Robert Charles Griggs
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    Vocalist Sir Robert Charles Griggs recalls his mother and Aunt Louise as “beautiful, mysterious enigmas.” Before he was five, his mom had already taken him to see Spike Jones and The City Slickers, Glenn Miller, Pearl Bailey and Fats Waller at the Circle Theater in Indianapolis. As you might expect from her taste in music, Marie Griggs had more excitement on her mind than the Midwest could offer in 1947, so she pulled up stakes, and moved her husband and kids from Indiana to California where there were radio and movie stars.
   Post WWII Los Angeles was a tough and exciting place for a kid born in rural Ohio. When Bobby Griggs and his family moved into the Crown Hotel downtown at Third and Flower, the Los Angeles Riots of 1943 (also known as the Zoot Suit Riots) were still an open wound that stretched from Pasadena to Compton. The pachuco gangs were battered but galvanized. Jazz, swing and jump blues --the sounds of the pachucos--proliferated, and Bobby couldn’t have been happier about that. He had been listening to everyone since he was in the cradle, and though he loved country and hillbilly music, he loved jazz more.
   His mother’s sister, Louise, owned a bar not far away in Cudahy, and she hooked young Bobby up with her jukebox. He took up guitar and practiced with his stack of records every spare minute. To make money, he’d sell papers on the street, and yodel in contests for a cash prize. His earnings came home to his mother who shuffled to make ends meet, but somehow she made sure music was always figured into their tenuous budget. His aunt put him on stage at fourteen, bullying the bands at Louise’s Cocktail Lounge to give him a chance. In 1953 Bobby and his classmate from Compton High, Jimmy Robbins, started playing amateur shows as a duet. Bobby was studying guitar with Lester Blackwell.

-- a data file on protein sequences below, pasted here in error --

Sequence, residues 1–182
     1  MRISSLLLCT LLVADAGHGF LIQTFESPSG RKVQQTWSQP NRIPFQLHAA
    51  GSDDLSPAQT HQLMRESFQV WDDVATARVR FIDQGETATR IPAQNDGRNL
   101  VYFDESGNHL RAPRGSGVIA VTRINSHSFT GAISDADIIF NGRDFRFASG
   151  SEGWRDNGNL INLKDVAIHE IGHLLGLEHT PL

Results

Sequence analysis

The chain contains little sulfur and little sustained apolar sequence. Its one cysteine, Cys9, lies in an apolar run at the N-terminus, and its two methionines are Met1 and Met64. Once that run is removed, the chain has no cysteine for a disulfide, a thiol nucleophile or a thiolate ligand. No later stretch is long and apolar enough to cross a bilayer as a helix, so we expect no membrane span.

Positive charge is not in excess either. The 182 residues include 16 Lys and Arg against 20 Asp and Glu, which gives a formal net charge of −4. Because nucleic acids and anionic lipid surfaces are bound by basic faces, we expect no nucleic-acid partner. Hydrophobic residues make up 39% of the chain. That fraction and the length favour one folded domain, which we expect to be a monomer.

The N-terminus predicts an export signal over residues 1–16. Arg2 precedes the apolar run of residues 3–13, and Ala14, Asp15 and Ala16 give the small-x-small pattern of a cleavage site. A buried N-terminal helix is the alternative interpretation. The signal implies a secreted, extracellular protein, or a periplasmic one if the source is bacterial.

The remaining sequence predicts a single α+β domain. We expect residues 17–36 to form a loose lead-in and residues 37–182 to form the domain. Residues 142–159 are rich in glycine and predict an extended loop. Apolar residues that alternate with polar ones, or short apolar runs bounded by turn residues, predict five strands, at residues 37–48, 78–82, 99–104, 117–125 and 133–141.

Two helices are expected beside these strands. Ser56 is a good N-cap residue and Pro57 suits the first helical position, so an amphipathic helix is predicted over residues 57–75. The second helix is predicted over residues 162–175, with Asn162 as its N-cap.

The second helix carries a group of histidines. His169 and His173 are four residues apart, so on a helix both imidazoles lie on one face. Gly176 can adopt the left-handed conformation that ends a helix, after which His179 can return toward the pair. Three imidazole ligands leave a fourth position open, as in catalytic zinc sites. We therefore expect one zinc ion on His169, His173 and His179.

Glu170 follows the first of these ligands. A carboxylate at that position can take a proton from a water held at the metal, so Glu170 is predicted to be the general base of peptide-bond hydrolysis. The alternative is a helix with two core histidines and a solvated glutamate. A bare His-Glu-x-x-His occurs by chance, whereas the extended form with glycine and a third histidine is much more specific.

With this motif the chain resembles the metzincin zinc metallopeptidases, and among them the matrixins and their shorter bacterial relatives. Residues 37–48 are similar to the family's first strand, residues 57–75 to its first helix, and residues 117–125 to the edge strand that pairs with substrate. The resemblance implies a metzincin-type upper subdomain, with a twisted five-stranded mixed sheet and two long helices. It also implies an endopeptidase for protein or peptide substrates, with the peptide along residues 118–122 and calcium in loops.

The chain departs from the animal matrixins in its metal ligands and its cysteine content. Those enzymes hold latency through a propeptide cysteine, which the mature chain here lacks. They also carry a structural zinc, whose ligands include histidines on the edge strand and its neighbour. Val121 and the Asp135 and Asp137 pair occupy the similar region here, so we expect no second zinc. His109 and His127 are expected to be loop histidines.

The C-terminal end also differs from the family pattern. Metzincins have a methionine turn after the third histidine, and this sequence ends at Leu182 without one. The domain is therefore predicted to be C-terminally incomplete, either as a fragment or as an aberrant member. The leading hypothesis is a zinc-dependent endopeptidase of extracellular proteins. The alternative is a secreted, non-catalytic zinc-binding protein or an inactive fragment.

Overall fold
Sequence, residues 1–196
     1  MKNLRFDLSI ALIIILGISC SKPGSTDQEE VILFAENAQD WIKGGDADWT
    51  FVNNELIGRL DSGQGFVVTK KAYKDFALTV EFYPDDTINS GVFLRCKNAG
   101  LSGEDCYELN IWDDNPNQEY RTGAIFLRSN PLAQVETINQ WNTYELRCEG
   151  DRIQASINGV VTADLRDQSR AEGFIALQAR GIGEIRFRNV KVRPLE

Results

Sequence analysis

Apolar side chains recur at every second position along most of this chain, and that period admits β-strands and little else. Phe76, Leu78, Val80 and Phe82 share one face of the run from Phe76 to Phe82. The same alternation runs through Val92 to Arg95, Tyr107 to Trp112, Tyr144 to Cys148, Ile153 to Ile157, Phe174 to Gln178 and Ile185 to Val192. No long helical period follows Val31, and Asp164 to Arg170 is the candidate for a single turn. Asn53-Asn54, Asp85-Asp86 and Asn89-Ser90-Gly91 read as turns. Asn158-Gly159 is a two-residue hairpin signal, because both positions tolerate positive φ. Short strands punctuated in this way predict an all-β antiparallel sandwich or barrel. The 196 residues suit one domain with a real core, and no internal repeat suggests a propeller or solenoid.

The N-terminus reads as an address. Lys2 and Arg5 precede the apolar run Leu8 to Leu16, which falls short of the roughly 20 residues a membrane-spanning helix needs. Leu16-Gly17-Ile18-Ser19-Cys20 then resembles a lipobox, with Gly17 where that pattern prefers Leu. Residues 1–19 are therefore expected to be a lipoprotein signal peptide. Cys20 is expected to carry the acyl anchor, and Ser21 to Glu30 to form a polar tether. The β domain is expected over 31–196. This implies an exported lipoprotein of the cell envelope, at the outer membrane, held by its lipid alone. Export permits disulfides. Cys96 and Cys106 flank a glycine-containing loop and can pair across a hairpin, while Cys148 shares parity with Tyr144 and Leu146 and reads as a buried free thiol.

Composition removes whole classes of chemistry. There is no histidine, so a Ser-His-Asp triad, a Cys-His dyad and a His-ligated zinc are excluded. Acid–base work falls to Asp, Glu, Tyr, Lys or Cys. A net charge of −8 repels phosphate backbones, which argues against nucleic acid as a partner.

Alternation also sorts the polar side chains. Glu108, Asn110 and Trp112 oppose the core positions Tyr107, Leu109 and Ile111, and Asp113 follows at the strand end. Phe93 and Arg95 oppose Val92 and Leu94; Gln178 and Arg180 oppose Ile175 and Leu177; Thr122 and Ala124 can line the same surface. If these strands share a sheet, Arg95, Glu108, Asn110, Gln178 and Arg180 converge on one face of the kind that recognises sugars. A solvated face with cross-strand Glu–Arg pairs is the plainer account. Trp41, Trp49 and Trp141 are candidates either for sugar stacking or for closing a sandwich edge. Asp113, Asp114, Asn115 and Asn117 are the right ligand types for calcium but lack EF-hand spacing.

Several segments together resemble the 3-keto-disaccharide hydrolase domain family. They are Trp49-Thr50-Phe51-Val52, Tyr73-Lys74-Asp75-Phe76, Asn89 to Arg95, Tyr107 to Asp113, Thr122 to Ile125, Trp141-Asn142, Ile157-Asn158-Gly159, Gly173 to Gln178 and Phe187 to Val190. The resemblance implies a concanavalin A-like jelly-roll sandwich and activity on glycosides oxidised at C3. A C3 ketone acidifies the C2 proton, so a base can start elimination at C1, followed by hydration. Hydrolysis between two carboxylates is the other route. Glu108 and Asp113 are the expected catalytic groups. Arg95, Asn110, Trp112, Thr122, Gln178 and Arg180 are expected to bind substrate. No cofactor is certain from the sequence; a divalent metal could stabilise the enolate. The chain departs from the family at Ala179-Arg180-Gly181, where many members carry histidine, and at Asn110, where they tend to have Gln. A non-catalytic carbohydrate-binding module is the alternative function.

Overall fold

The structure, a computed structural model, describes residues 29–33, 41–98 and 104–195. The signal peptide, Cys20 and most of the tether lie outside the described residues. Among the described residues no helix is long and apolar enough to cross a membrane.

Bobby caught a break when he became a cast member of Town Hall Party, a country music, jamboree-style barn dance that was broadcast from 1951-1961 on radio (and later TV) from Long Beach Boulevard in Compton, CA. Aunt Louise wangled an audition for Bobby with Wesley Tuttle and Johnny Bond, who hired him while he was still in high school. On his debut night, with only seconds to go before Bobby Charles Griggs was about to step on the Town Hall Party stage for the first time, Johnny Bond yelled to the announcer, “Call him Bobby Charles!” From that moment, with no opportunity to protest, he became known to the world as Bobby Charles. It was a shock to the young performer, and it didn’t play too well in the Griggs household for awhile, either. Nonetheless, Bobby Charles remained on the popular show from ’55 to ’60.
   Town Hall Party drew a crowd of about 2500 each night to see and hear artists like The Collins Kids, Lefty Frizzell, Tex Ritter, Johnny Cash, Merle Travis, Carl Perkins, Wanda Jackson and Patsy Cline perform. The broadcasts were handled by KFI (NBC Radio), and also KTTV Channel 11. Bobby’s impression routine of the top acts of the day-Roy Acuff, Frizell, Cash, Hank Snow, 50’s Elvis - never disappointed, and the announcer’s introduction highlighted his unique status as “the kid from right here in Compton.” Among the cast he was an anomaly as the country player who loved jazz, and Bob admits, he loved to be obnoxious about it, too.